Language is based in threes. Sender, message, receiver. Subject verb object. A language involves a semantic system, a phonological system, and a syntactic system. Phonetics study the sounds of languages from three basic points of view.
The enneagram figure is usually composed of three parts; a circle, an inner triangle (connecting 3-6-9) and an irregular hexagonal “periodic figure” (connecting 1-4-2-8-5-7). According to esoteric spiritual traditions, the circle symbolizes unity, the inner triangle symbolizes the “law of three” and the hexagon represents the “law of seven” (because 1-4-2-8-5-7-1 is the repeating decimal created by dividing one by seven in base 10 arithmetic). These three elements constitute the usual enneagram figure. Continue reading Enneagram
For those in need of a grammar refresh, the Oxford (or serial) comma is a comma placed between the last two items in a series of three or more. For instance, “I like cake, pizza, and ice cream.”
Proponents of the Oxford comma argue it’s necessary to avoid potential ambiguity.
In the example sentence, it’s clear I like three types of food in and of themselves. Remove it and the sentence reads, “I like cake, pizza and ice cream” — leading to the potential to read the last two items as one combination item. I no longer like pizza and ice cream on their own, one could argue; I like pizza and ice cream only when they’re together. (Not that there’s anything wrong with that.) Continue reading Oxford comma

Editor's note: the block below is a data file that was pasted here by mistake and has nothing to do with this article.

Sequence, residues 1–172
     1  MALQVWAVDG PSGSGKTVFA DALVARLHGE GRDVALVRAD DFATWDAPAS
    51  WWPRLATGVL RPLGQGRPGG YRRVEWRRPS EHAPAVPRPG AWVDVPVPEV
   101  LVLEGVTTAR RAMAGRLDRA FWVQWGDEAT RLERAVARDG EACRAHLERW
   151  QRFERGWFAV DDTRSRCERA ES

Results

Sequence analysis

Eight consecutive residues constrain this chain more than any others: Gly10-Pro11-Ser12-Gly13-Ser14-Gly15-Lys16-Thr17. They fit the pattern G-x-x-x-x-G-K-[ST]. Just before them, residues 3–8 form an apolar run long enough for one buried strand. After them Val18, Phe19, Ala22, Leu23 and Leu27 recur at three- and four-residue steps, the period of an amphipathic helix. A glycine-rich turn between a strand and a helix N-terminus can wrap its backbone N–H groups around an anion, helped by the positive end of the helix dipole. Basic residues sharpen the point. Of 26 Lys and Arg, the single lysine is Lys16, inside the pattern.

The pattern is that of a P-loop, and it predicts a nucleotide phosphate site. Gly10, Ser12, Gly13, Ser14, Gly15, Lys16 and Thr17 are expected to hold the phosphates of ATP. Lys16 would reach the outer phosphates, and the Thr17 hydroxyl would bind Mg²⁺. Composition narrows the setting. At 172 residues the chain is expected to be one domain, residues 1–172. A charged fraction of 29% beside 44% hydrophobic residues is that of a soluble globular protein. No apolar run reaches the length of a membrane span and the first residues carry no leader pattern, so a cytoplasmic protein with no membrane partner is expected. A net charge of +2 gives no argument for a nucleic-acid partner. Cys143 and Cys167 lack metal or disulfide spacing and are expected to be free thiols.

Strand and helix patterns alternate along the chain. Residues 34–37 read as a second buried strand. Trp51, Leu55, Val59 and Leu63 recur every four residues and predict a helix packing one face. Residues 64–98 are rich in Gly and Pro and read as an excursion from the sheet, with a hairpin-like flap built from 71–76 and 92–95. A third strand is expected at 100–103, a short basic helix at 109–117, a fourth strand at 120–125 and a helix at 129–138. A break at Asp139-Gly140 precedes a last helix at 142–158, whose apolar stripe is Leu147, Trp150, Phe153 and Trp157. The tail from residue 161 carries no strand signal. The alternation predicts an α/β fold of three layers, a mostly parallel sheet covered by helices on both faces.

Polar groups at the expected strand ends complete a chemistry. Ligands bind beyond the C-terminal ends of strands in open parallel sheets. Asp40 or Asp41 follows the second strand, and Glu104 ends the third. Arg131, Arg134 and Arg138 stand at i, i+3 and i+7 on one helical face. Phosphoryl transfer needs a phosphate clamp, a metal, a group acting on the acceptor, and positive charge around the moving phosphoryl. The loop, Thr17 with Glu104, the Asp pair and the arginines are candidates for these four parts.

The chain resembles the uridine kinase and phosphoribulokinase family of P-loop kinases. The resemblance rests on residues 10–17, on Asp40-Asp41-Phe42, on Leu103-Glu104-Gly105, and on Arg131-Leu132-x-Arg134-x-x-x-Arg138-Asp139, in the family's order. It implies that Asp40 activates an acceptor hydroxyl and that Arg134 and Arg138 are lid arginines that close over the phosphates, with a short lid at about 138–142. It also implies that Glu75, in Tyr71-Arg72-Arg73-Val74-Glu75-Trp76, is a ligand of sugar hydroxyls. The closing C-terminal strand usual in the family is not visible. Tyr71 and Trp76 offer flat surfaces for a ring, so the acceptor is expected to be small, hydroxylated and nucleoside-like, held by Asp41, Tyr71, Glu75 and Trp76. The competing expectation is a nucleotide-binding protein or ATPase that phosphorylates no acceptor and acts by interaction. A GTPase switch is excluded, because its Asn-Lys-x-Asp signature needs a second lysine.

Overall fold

By the late Professor Alan Dundes of the University of California at Berkeley
Professor Allan Dundes
Students undertaking professional training in anthropology are rarely, if ever, required to formally study their own cultures. They must demonstrate competence in various topics and areas, but these do not normally include materials from their own cultures. They may be told that the identification and careful delineation of native categories may be crucial to a fuller understanding of that culture which they investigate, but their own native categories, the identification of which is equally important for an understanding of another culture, may not be considered at all. With our present knowledge of the cultural relativity of perception and cognition, it seems clear that students of anthropology should be encouraged to analyze their own native categories with the same care and methodological rigor that is demanded of them in their fieldwork in other cultures. If the reduction of ethnocentric bias is truly an ideal of anthropological scholarship, then anthropologists should go into the field with as comprehensive an understanding of the nature of their own culture as possible.
The rule of three describes triads of all types — any collection of three related elements. Two more specific triad variants are hendiatris and tricolon.
A hendiatris is a figure of speech where three successive words are used to express a central idea.
Examples of hendiatris include:
“Veni, vidi, vici.” [Julius Caesar]
“Liberté, Égalité, Fraternité“ [French motto]
“Citius, Altius, Fortius” [Olympic motto]
“Wine, women, and song” [Anonymous]
A tricolon is a series of three parallel elements (words or phrases). In a strict tricolon, the elements have the same length but this condition is often put aside.
Examples of tricola include:
“Veni, vidi, vici.” [Julius Caesar]
“Be sincere, be brief, be seated.” [Advice for speakers from Franklin D. Roosevelt]
“Tonight, we gather to affirm the greatness of our nation – not because of  the height of our skyscrapers, or  the power of our military, or  the size of our economy.” [Barack Obama, Keynote speech to Democratic National Convention, July 2004]
“By habitually using these 3 phrases, you will strengthen your ability to effortlessly lead others in the direction that you want them to go. And that simply will make your role as a leader much more powerful and meaningful – something we all want when leading other people.”
“And here’s why…”
“Would you mind…”
“Does this make sense?”